A fast cost-effective route to rapid prototypes of electronics enclosures is a process developed in Europe that combines CAD with CNC machining and fabrication of sheets of shielded plastic. The process is growing rapidly for lots of 50 to 200, in part, because of its low costs compared to making injection molds. The most commonly used materials are flame-retardant ABS and other styrenic alloys.
Printed circuit boards are attached with snap-on, screw-in or other fastening options. Prototypes can typically be produced in three to 21 days. It's most economical to produce square housings with flat sides with this process, but it is possible to make curved to complex shapes. One other drawback, compared to injection molding, is the need for greater tolerances. Tolerances on feature alignment and product dimensions are ±.008 inch or .2 mm, according to Clickfold Plastics CEO and Founder Patrick Oltmanns. Maximum size is about 20 x 15 x 15 inch.
More Parts Per Sheet
Plastronic Enclosures of Piscataway, NJ, has installed new, larger processing machines that yield improved economics. We can get parts to customers quickly because we use four-feet-by-eight-feet sheets, which means shorter production cycles, says President Daniel L. Cucchiara. Plastronic's roots go back to 1993 when it became the first U.S. company to design and manufacture tool-less enclosures. PEI says its approach, called Digital Design and Manufacturing, includes unique developments in Pro-E that allow more contours, radii and complexity. We're finding that the volumes are increasing, says Cucchiara. Five years ago, the norms would have been between 25 and 100. Now, 250 to 500 is becoming more the average. The growth in competition is helping spur growth, he says. Average design time for enclosures is four to six hours. PEI focuses on UL-certified materials, such as ABS/PVC.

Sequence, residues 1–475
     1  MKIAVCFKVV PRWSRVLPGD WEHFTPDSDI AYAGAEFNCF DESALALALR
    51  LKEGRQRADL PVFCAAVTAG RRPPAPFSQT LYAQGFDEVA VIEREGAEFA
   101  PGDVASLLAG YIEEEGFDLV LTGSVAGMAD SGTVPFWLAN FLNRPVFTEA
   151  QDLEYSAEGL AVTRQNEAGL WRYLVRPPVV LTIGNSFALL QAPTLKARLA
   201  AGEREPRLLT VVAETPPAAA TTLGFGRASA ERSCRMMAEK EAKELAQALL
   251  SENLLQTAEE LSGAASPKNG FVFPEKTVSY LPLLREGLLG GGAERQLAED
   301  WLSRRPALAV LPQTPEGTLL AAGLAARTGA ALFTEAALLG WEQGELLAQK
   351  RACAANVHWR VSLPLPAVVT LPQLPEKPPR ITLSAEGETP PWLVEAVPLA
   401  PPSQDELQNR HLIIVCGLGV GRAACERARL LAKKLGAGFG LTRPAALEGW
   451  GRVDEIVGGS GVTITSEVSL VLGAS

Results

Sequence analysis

How It's Done
Step 1. Design the enclosure starting from a dimensioned drawing or CAD file showing electronic components oriented in space.
Step 2. Generate CNC code that drives machining and bending operations.
Step 3. Machine sheet for openings, vents and recesses.
Step 4. Cut individual pieces from sheet.
Step 5. Prepare joint and edge details on routing machines.
Step 6. Score the sheet with bending cuts on a custom table saw.
Step 7. Bend the pieces in a computerized thermal bending machine.
Step 8. Heat stake metal inserts into bosses. Install bosses into machined recesses in the sheet.
Step 9. Assemble the pieces using a solvent-bonding process.
Step 10. Perform secondary operations such as painting, EMI shielding and latch or hinge installations.
Doubling Floor Space
ClickFold Plastics of Charlotte, NC, is doubling production floor space due to a more than doubling in backlog growth over the last six months. One example is a cover for connector housings, says CEO and Founder Patrick Oltmanns. The part is pretty large, so the mold would be expensive. Yet, the part is simple. It's a perfect candidate for plastics fabrication. ClickFold has a lot of business in medical enclosures, which typically have runs of less than 10,000. ClickFold also sees strong growth in demand for enclosures that were previously made from sheet metal. For the same amount of money, they can get a box that weighs less and they don't have to worry about painting, says Oltmanns.
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